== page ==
The last couple of days have been intense. In addition to spending good time with several friends and family in the Portland area—in the midst of a blizzard and the coldest weather in a decade—I had a short consultation with a melanoma specialist at Providence Cancer Center yesterday and then stopped by St. Vincent Medical Center to check in on my friend Mike, who is in the ICU in critical condition with organ failure. Excuse the run-on sentence, but it’s hard to capture succinctly all that’s happening right now.
Mike had surgery a week ago for an aortic aneurysm, which appeared to have gone well. His doctor was about to release him when he took a bad turn on Friday and things quickly went downhill. I hadn’t called anyone before showing up at the hospital but ran into Mike’s wife, Kathy, who was able to take me into the ICU with her. Mike needs our prayers. He’s in really bad shape, with a ventilator and dialysis keeping him alive. He’s back into surgery today so the medical team can drain more fluid that’s collected. I don’t know that I’ve ever seen someone teetering on the brink like he is. Kathy was bearing up yesterday when I was there, and she even read some Scripture to Mike. My prayer is that God’s blessing and his assurance would be upon Big Mike, in particular, and upon his wife, daughters and extended family.
As brief as that encounter was, it brought perspective to my circumstances. Mike is way beyond where I would ever hope to be in clinging to life, yet is secure in his relationship with the Risen Lord. I believe I am equally secure, and that whatever medical care I receive in the future is merely detail—albeit important in its own, circumscribed way. Dr. Curti concurred with my doc here that I need to carefully track the lung nodules detected by CT. Both docs believe I should continue to have scans on a quarterly basis. He agrees that exercise is the best medicine for me at this point, and that there’s no doubt my lymphedema has been minimized by strenuous activity. I like this guy. He’s bright, engaging and knowledgeable. Because other patients had cancelled because of icy roads, I had more time with him than would otherwise have been possible. I got a lot of questions answered.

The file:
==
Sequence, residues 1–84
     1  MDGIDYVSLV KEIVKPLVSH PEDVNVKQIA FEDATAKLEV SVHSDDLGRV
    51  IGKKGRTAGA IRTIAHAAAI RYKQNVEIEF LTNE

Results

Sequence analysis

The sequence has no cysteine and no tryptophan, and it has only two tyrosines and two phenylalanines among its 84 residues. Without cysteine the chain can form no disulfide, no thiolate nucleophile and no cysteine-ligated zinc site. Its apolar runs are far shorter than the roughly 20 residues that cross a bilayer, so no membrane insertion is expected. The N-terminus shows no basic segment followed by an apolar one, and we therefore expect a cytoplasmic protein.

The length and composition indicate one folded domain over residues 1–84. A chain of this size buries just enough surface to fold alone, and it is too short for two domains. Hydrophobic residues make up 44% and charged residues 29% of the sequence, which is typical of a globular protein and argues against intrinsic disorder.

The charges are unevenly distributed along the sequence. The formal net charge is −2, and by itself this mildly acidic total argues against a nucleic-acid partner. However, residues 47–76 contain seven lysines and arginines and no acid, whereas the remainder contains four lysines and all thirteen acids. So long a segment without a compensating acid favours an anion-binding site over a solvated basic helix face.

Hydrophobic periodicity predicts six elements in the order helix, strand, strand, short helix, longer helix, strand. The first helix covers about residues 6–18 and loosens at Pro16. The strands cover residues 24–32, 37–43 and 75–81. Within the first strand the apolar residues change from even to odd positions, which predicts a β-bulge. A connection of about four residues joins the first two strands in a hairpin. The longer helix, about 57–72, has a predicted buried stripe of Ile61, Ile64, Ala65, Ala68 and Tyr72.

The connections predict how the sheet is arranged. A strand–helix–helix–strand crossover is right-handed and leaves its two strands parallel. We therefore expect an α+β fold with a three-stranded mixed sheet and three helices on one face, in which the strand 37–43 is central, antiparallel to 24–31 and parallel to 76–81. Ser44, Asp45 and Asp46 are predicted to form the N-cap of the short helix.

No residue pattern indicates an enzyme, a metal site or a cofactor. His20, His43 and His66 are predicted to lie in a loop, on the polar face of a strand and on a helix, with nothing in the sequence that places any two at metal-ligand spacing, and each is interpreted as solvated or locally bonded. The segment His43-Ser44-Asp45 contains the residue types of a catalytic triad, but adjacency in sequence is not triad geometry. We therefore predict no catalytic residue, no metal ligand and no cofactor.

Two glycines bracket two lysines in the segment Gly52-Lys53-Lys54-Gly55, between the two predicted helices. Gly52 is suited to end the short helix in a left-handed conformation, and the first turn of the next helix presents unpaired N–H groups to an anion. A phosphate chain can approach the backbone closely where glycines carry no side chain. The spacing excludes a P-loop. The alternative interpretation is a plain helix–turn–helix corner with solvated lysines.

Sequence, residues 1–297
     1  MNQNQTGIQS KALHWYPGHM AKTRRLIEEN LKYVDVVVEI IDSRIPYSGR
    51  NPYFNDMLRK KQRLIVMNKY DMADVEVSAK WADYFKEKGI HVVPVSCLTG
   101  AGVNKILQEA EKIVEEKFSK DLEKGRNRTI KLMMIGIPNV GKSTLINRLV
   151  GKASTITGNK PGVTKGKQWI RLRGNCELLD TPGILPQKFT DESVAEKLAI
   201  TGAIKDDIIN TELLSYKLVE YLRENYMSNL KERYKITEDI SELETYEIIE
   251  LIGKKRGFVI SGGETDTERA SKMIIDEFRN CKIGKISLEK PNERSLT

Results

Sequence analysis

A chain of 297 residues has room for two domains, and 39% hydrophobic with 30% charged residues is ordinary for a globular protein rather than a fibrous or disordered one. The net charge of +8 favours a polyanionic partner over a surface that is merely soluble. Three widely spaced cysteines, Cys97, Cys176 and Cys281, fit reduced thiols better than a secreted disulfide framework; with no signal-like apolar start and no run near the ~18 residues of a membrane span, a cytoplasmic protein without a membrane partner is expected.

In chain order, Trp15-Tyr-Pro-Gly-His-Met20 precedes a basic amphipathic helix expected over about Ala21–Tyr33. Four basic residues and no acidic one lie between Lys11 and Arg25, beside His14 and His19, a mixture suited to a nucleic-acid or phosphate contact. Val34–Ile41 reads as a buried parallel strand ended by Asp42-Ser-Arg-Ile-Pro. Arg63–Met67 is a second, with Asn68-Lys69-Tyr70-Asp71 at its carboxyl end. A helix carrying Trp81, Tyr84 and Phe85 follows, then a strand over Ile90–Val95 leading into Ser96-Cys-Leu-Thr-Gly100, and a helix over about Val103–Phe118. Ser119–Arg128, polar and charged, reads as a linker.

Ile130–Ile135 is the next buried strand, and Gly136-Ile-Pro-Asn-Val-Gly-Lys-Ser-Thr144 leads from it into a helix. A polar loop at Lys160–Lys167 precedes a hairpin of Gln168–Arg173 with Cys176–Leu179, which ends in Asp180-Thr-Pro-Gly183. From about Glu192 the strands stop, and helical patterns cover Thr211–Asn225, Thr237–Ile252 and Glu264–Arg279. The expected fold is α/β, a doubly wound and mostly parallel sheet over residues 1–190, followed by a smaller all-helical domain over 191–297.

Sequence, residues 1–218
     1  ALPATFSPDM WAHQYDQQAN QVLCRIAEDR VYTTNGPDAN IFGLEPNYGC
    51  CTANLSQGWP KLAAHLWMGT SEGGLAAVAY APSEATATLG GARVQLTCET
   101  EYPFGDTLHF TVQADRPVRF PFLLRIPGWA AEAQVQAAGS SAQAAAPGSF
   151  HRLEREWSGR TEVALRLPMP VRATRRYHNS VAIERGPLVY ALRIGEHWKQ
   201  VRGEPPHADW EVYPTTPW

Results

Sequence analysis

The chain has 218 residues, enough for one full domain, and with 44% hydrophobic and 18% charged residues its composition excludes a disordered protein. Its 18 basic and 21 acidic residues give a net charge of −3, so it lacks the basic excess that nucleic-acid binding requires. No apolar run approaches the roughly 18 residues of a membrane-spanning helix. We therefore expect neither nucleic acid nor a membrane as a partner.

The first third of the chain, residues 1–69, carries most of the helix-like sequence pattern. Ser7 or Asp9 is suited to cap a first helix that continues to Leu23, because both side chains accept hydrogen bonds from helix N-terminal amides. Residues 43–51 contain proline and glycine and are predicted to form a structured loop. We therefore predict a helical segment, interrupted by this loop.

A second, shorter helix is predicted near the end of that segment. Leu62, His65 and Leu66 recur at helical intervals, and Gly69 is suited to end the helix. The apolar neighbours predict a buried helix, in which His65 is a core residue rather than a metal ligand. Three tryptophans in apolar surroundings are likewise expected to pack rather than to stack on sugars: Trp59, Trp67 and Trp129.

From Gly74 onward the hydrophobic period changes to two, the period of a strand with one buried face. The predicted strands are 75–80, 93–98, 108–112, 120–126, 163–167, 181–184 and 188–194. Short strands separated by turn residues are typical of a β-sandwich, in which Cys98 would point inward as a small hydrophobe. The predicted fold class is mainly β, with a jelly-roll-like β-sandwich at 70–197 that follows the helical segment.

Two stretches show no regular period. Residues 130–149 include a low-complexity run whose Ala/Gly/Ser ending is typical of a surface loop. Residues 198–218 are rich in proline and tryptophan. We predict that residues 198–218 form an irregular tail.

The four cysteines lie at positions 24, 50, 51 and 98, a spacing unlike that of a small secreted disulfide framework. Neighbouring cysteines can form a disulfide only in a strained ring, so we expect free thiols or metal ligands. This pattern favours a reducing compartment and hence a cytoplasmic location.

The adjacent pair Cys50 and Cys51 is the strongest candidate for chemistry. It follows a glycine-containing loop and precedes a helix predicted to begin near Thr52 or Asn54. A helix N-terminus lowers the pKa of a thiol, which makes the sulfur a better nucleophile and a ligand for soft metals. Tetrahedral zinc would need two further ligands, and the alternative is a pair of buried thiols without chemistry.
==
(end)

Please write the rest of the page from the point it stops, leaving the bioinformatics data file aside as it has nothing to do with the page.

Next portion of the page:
I should add that I had dinner Sunday night with Father Tom Murdock, who was the minister at the Episcopal church my family attended when I was young. It was like being with a favorite, slightly eccentric uncle. We talked about our various activities, and about the things that really matter, about life, and even about death. And we prayed together. Tom is the kind of passionate guy that when he grabs your hand, he crushes it. I think we were a gift to each other for those three hours. The storm raging outside only made the spirit of our conversation that much warmer, deeper and more meaningful.
(The photo is of my Mom and Father Tom at St. Aidan's Episcopal Church several weeks ago. Click on the photo for a closeup of two faces who have lived a lot of life, and lived it well.)